Obama Budget Overseas Tax
U.S. Senate staff members hand out printed copies of President Barack Obama's proposed 2016 budget, Washington, Feb. 2, 2015. Reuters/Jonathan Ernst

U.S. President Barack Obama is planning a levy on trillions of dollars worth of profits American companies are earning abroad, but aren’t being returned home. The idea has gained some support but doesn’t have the confidence of Republicans.

The new tax measure will be included in Obama’s $4 trillion 2016 budget proposal aimed at addressing economic inequality and supporting the middle class. It will include a one-time 14 percent tax on roughly $2 trillion worth of American companies' foreign profits.

The White House predicts it would raise about $238 billion to “repair existing roads and bridges and modernize our infrastructure with new investments in highways, freight networks, and bus, subway, rapid transit, light rail, and passenger rail systems in our cities, fast-growing metropolitan areas, small towns and rural communities across the country,” according to a statement from the administration.

“These investments would be paid for by closing tax loopholes as part of reforming the business tax rules to level the playing field and make sure everyone pays their fair share,” a White House official told the Guardian.

U.S. companies pay about 35 percent in taxes on foreign earnings, but some of the biggest profit-earners have been avoiding these fees by hoarding foreign earnings overseas rather than repatriating the money and paying billions in taxes.

For instance, General Electric Co. had $110 billion in overseas earnings in 2013, while Apple Inc. had $54.4 billion. Microsoft had $76.4 billion and Pfizer earned $69 billion, according to research firm Audit Analytics and the Wall Street Journal.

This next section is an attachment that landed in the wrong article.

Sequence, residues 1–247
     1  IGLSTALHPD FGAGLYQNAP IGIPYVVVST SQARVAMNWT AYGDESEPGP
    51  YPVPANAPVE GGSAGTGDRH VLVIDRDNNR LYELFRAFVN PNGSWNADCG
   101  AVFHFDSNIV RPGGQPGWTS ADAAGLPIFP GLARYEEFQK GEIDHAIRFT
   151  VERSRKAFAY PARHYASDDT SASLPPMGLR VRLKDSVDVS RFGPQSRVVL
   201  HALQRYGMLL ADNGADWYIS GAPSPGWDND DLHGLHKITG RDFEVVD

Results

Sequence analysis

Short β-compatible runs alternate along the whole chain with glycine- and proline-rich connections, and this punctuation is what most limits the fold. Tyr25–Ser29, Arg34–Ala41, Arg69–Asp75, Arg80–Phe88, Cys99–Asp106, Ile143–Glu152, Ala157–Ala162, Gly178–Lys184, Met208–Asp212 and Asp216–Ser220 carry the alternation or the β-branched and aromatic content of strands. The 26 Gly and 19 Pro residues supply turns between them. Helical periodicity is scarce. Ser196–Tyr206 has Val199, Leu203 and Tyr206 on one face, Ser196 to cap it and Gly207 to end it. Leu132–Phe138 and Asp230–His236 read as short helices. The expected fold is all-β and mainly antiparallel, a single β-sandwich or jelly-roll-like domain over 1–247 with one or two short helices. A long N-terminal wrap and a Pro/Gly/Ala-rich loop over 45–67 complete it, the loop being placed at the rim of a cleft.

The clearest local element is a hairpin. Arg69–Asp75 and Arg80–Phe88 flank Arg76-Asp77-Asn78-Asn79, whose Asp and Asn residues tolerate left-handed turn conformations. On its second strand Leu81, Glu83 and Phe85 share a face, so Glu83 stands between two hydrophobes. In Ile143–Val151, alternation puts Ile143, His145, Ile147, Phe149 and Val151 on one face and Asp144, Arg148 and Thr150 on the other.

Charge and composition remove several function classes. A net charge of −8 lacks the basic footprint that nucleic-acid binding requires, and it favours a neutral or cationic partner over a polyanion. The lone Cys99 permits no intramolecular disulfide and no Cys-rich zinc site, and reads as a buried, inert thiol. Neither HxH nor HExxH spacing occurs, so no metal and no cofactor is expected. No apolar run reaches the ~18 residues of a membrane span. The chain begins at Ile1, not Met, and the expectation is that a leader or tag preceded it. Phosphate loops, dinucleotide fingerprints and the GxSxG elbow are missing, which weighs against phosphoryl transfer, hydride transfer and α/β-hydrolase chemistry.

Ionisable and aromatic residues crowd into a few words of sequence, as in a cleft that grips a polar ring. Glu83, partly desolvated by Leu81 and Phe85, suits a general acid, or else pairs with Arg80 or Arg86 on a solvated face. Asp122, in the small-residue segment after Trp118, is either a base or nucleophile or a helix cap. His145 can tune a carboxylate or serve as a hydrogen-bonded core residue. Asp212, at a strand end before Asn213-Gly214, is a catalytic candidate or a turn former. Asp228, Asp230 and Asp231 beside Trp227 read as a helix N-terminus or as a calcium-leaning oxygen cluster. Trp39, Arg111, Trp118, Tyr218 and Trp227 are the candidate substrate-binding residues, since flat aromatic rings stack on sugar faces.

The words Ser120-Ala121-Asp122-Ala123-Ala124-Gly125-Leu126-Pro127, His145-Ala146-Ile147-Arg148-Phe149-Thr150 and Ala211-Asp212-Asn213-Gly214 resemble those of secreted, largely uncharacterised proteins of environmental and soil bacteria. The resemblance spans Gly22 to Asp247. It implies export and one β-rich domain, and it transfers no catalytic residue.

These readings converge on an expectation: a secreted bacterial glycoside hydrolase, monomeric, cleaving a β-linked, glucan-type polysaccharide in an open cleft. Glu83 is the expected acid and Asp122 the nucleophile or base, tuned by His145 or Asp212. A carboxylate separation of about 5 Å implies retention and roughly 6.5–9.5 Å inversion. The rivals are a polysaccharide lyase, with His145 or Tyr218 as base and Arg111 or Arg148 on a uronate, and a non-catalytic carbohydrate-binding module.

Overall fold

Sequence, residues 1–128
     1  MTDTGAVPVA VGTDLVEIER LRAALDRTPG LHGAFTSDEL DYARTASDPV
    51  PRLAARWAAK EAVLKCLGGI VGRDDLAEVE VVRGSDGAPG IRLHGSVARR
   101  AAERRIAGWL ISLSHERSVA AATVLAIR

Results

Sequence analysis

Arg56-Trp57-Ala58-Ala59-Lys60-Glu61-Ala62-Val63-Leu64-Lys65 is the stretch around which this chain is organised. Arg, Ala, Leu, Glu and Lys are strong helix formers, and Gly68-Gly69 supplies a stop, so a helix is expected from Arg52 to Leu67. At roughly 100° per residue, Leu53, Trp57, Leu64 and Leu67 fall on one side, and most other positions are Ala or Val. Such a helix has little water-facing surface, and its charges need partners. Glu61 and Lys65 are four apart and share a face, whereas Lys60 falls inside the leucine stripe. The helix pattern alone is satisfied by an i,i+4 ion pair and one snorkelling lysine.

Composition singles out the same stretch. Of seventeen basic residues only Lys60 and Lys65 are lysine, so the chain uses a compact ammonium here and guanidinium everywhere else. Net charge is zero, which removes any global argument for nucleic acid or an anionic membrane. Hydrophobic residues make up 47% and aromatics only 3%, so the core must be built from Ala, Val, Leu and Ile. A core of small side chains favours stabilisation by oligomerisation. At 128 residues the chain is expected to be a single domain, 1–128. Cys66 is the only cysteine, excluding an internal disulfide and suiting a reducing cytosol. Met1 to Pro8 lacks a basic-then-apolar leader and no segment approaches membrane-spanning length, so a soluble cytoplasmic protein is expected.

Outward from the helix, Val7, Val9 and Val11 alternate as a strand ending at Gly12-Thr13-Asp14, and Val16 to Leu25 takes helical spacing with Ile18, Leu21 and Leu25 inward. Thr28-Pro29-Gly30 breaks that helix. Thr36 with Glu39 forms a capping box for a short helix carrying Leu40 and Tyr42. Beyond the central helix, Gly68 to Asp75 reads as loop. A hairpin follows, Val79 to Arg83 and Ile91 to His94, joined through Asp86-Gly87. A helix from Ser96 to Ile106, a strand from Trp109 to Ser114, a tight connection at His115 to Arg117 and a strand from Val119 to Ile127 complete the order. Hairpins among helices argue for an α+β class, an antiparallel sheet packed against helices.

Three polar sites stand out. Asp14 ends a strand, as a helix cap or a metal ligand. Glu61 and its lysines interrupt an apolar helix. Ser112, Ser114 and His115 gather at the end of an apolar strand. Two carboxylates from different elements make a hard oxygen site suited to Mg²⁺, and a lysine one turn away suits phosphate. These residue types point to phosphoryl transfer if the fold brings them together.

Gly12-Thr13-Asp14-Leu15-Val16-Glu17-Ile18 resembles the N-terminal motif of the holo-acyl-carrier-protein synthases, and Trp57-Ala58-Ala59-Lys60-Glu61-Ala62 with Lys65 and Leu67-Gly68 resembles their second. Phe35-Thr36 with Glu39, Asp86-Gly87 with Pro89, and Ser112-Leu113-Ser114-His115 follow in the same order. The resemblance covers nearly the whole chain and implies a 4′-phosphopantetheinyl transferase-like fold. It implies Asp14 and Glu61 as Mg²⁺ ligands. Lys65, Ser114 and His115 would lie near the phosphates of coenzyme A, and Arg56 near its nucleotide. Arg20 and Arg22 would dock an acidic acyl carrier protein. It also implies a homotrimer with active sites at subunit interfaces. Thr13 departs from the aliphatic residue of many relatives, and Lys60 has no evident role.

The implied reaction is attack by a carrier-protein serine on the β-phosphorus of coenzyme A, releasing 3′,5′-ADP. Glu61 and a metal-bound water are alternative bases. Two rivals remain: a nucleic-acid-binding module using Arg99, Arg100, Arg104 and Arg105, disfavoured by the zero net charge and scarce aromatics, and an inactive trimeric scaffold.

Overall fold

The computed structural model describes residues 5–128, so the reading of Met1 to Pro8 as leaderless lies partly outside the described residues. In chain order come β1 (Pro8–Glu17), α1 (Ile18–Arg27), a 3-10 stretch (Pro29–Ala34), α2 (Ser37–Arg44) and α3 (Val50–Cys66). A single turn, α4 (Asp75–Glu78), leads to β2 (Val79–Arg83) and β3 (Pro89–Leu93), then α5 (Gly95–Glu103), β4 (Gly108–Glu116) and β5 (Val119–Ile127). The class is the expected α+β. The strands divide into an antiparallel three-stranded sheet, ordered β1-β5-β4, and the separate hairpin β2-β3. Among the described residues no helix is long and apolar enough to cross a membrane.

Corporate tax avoidance has spurred the growth of inversions, deals in which U.S. companies merge with foreign companies to avoid U.S. taxes. Last year, Medtronic PLC made a $42.9 billion deal to purchase an Ireland-based company, which could save the medical-device maker up to $260 million in taxes, according to Fortune, while technology group Applied Materials Inc. cut its tax rate from 22 percent to 17 percent in a $9.3 billion merger with Japan’s Tokyo Electron Ltd., as the Financial Times reported.

There are currently no laws that specifically make these deals illegal, but the administration has been working on various strategies to change incentives for U.S. companies hoarding foreign earnings overseas.

“This may be legal, but it’s wrong,” U.S. Treasury Secretary Jack Lew said in a September speech. “These companies are eroding America’s corporate tax base.”

At the same event, John Samuels, GE's vice president and senior counsel of tax policy, explained why American companies were compelled to move abroad.

“The whole world is not open for relocation and aggressively trying to court U.S. firms,” Samuels said, adding that there are more countries offering American companies stable governments, rule of law, major universities and infrastructure.

Republicans, for their part, are skeptical of the plan.

“Changes to our tax code just to fund more spending by our already bloated government is not the way to boost our economy and encourage job creation,” Ohio Republican Pat Tiberi said in a statement Sunday.

But this isn’t the first time the U.S. has moved to collect unpaid corporate taxes from abroad. When former Republican President George W. Bush allowed companies to repatriate their tax dollars at a cheaper rate in 2004, it did provide a substantial amount of income but wasn’t the economic stimulus it was proposed to be, according to Reuters.

The budget also includes a plan for a minimum 19 percent tax rate on all foreign earnings in the future as well as a decrease in the corporate federal income-tax rate to 28 percent from 35 percent. Whether it will be approved is still unclear.

“The good news seems to be that the administration has agreed that lockout [of overseas profits] is an important phenomenon,” Douglas Holtz-Eakin, a conservative economist and former adviser to GOP presidential candidates, told the Wall Street Journal. “But let’s face it, it is an opening bid, not a result.”